A continuous glucose monitor measures blood glucose approximately every five minutes and allows for the glucose levels to be viewed on a display device or smartphone application. A CGM can be used to replace self-monitoring of blood glucose, which involves a finger stick each time blood glucose is checked.
The CITY study evaluated the impact of CGM on diabetes management in adolescents and young adults with T1D with suboptimal glucose levels. The study enrolled 153 participants ages 14 to 24 with T1D duration 12 months or longer. They were randomly assigned to either a Dexcom CGM device or self-monitoring of blood glucose. The study's primary outcome assessment was the participants' A1C levels after six months.
Reductions in hemoglobin A1c and reductions in the amount of time blood glucose values were in a high (hyperglycemia) range and low (hypoglycemia) range were observed. Approximately 70% of CGM group participants wore the device an average of five or more days per week, with less than 10% no longer using the device at six months. There were no safety concerns for either treatment group. In addition to the improved glycemic outcomes, patient reported glucose monitoring satisfaction was higher among CGM users compared with those using a blood glucose meter.
"Adolescents and young adults have been shown to have very poor glucose control and often struggle to adhere to the recommendations of health care providers," said lead study author Lori M. Laffel, MD, MPH, chief of the Pediatric, Adolescent and Young Adult Section, and senior investigator and head of the section on Clinical, Behavioral and Outcomes Research at Joslin Diabetes Center, and professor of pediatrics at Harvard Medical School. "Results from the CITY study show adolescents and young adults are willing to wear the CGM device and that use of the device improves glucose levels. Knowledge from our study may help to increase the number of adolescents and young adults who use CGM and the results may also help pave the way for the successful uptake of future automated insulin delivery systems for this vulnerable group of teens and young adults in need of improved glucose control."
To speak with Dr. DiMeglio or Dr. Laffel, please contact the ADA Press Office on-site at San Francisco's Moscone Convention Center on June 7-11, by phone at 415-978-3606 or by email at [email protected]
The American Diabetes Association's 79th Scientific Sessions, the world's largest scientific meeting focused on diabetes research, prevention and care, is being held June 7-11, 2019, at the Moscone Center in San Francisco, California. Nearly 15,000 leading physicians, scientists, health care professionals and industry representatives from around the world have convened at the Scientific Sessions to unveil cutting-edge research, treatment recommendations and advances toward a cure for diabetes. During the five-day meeting, attendees receive exclusive access to more than 850 presentations and 2,000 original research presentations, participate in provocative and engaging exchanges with leading diabetes experts, and can earn Continuing Medical Education (CME) or Continuing Education (CE) credits for educational sessions. The program is grouped into eight thematic areas: Acute and Chronic Complications; Behavioral Medicine, Clinical Nutrition, Education and Exercise; Clinical Diabetes/Therapeutics; Epidemiology/Genetics; Immunology/Transplantation; Insulin Action/Molecular Metabolism; Integrated Physiology/Obesity; and Islet Biology/Insulin Secretion. Gretchen Youssef, MS, RDN, CDE, President of Health Care and Education, delivered her address, "It's All About Access!," on Saturday, June 8, and Louis H. Philipson, MD, PhD, FACP, President of Medicine and Science, delivered his lecture, "Precision Medicine—Addressing the Many Faces of Diabetes," on Sunday, June 9. Join the Scientific Sessions conversation on social media using #ADA2019.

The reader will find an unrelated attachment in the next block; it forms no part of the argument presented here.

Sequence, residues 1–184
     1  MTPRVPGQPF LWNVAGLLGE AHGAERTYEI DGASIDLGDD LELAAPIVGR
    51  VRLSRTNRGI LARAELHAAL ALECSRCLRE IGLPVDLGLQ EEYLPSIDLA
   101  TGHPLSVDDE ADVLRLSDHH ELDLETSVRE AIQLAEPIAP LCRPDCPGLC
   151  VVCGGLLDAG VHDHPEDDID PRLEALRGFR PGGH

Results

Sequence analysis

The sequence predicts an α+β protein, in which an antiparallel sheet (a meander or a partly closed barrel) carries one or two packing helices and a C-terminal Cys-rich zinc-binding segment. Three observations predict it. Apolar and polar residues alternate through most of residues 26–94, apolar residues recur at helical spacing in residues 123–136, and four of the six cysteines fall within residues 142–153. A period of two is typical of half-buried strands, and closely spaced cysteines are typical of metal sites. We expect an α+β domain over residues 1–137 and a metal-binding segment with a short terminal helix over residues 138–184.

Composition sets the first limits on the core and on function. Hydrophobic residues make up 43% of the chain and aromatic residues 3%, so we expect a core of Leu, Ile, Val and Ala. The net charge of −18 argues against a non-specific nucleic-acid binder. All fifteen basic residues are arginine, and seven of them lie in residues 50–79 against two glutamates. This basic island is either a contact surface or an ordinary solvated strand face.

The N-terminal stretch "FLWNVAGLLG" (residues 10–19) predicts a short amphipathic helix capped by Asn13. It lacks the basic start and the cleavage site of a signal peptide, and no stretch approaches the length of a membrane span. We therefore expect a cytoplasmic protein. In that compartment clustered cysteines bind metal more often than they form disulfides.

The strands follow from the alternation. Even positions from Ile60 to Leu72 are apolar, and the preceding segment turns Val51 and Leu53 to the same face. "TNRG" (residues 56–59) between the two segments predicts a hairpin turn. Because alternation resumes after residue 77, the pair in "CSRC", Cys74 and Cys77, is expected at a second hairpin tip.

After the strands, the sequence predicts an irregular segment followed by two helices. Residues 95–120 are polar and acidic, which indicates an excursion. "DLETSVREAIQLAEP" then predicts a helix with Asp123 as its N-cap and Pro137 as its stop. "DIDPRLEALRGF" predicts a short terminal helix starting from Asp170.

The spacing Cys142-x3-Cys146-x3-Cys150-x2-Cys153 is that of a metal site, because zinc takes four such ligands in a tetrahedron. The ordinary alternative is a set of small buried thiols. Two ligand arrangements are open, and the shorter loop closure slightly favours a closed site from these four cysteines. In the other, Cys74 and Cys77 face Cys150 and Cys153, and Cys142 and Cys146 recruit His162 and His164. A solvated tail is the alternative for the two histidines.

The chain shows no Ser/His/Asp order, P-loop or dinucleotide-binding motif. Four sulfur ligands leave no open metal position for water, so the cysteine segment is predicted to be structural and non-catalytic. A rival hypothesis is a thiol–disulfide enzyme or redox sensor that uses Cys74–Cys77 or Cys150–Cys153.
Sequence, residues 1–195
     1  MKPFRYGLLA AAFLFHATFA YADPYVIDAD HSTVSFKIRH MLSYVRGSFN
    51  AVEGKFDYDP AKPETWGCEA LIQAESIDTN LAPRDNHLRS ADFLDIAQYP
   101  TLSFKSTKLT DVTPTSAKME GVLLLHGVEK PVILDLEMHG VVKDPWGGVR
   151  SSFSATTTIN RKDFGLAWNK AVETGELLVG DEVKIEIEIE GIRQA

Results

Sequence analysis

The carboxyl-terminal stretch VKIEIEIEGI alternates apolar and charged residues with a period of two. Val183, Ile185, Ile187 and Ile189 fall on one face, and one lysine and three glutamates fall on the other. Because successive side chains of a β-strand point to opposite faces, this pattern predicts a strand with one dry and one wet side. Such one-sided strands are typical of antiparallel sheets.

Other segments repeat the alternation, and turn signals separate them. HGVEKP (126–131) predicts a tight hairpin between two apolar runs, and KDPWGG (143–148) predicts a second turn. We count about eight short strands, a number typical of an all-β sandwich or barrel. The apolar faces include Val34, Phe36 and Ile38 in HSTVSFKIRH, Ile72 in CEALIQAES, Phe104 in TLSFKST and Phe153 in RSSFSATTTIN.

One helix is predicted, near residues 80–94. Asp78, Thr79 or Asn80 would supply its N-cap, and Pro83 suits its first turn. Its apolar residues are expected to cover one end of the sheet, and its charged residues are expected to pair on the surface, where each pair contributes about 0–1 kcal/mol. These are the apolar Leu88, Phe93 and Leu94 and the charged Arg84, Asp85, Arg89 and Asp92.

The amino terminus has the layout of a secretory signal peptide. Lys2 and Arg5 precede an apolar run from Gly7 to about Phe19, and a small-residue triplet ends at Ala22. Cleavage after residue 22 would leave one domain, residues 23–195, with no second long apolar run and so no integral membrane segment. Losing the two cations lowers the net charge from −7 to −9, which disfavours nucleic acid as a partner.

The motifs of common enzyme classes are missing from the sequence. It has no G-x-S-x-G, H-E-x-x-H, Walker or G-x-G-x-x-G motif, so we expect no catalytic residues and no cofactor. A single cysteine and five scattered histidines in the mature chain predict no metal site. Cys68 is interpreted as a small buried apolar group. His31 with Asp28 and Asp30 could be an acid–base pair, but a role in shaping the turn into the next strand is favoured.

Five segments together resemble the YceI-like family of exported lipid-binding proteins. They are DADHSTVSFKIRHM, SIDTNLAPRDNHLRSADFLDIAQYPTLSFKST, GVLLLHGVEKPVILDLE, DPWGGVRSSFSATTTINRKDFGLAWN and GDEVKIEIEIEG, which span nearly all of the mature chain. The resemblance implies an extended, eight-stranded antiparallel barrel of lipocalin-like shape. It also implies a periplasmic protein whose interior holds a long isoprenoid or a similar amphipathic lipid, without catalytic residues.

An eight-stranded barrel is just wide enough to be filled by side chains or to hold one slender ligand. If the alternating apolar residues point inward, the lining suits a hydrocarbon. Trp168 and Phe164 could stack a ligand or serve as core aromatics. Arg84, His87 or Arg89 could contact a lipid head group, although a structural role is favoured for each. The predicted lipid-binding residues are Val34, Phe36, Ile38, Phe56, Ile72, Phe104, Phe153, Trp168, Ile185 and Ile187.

About the American Diabetes Association Every day more than 4,000 people are newly diagnosed with diabetes in America. Nearly 115 million Americans have diabetes or prediabetes and are striving to manage their lives while living with the disease. The American Diabetes Association (ADA) is the nation's leading voluntary health organization fighting to bend the curve on the diabetes epidemic and help people living with diabetes thrive. For nearly 80 years the ADA has been driving discovery and research to treat, manage and prevent diabetes, while working relentlessly for a cure. We help people with diabetes thrive by fighting for their rights and developing programs, advocacy and education designed to improve their quality of life. Diabetes has brought us together. What we do next will make us Connected for Life. To learn more or to get involved, visit us at diabetes.org or call 1-800-DIABETES (1-800-342-2383). Information is available in English and Spanish. Join the fight with us on Facebook (American Diabetes Association), Twitter (@AmDiabetesAssn) and Instagram (@AmDiabetesAssn).